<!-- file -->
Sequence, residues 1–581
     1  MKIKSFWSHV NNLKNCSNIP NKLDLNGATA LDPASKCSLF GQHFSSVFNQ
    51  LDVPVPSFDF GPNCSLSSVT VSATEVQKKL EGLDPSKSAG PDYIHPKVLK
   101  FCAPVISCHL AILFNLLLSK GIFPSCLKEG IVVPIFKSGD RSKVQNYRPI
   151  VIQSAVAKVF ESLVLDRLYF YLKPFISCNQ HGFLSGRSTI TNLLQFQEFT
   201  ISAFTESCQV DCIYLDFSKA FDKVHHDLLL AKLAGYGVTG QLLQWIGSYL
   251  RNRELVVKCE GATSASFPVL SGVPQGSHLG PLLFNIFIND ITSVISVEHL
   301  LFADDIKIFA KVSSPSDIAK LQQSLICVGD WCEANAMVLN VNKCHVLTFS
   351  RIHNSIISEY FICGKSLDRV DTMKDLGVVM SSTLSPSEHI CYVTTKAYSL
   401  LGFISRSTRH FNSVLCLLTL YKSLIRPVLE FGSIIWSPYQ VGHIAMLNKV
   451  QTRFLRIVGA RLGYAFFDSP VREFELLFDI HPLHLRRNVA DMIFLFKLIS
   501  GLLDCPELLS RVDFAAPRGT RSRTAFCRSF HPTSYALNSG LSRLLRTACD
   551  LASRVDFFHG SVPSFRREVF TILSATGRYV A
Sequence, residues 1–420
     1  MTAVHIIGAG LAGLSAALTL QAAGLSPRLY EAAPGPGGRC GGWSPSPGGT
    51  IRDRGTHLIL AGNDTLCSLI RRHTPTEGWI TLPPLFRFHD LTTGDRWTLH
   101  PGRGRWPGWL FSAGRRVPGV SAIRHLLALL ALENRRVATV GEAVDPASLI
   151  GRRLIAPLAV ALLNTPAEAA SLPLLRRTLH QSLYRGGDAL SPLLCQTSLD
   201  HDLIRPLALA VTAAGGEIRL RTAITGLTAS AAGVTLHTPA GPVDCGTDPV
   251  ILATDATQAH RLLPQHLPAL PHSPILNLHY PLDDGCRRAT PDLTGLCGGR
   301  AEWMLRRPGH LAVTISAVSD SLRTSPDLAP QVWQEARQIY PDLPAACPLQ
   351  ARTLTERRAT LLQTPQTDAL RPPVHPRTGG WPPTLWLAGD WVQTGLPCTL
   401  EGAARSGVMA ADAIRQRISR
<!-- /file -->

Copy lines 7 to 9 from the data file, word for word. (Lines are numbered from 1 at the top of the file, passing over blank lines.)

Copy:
   251  RNRELVVKCE GATSASFPVL SGVPQGSHLG PLLFNIFIND ITSVISVEHL
   301  LFADDIKIFA KVSSPSDIAK LQQSLICVGD WCEANAMVLN VNKCHVLTFS
   351  RIHNSIISEY FICGKSLDRV DTMKDLGVVM SSTLSPSEHI CYVTTKAYSL